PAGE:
Casino Royale night for charity in Petersfield

Petersfield-based charity FitzRoy is hosting a James Bond-inspired Casino Royale Night on Friday, September 28, at Churcher’s College Assembly Hall, in aid of supporting people with learning disabilities and autism.

The night offers plenty of exciting entertainment, including casino games, music and dancing. There will be a cocktail bar for those who prefer their martinis ‘shaken, not stirred’. An Aston Martin DB9, kindly loaned for the evening by Classic Parade Cars, will be available for photo opportunities. Attendees are encouraged to ‘dress to kill’.

Tickets are just £25 and include a glass of prosecco on arrival and hors d’oeuvres.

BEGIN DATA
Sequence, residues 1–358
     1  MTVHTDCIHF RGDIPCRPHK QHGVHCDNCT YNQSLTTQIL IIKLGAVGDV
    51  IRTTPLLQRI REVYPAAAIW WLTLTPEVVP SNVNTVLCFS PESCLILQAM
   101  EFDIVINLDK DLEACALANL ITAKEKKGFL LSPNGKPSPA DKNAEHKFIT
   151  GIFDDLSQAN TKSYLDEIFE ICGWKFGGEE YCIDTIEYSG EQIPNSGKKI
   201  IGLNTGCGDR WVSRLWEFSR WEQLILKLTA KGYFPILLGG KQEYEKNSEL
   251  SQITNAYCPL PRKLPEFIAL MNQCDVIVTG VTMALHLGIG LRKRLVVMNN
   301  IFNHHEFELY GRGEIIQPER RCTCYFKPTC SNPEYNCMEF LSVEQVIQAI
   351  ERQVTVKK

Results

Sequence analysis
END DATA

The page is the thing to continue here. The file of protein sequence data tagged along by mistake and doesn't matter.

Jim Apted, FitzRoy Community Fundraising Manager, said: “For one night only we’re bringing James Bond to Petersfield. Come and enjoy the glitz and glamour of the casino with your friends, brush up on your Black Jack and have a spin on the roulette, while sipping on champagne and cocktails.

“We’ll have prizes for the best dressed, as well as the opportunity to take a selfie in an Aston Martin. Come as your favourite Bond character, or just dress to kill. We’re looking forward to a great night out, all in aid of improving the lives of people with learning disabilities.”

Money raised on the night will help FitzRoy to support people with learning disabilities and autism to live the life they want and have greater independence and control over their daily lives. For example, a sensory room to liberate those with complex needs from a wheelchair, an iPad for someone to communicate with loved ones for the first time or a talking microwave so someone can make themselves a meal.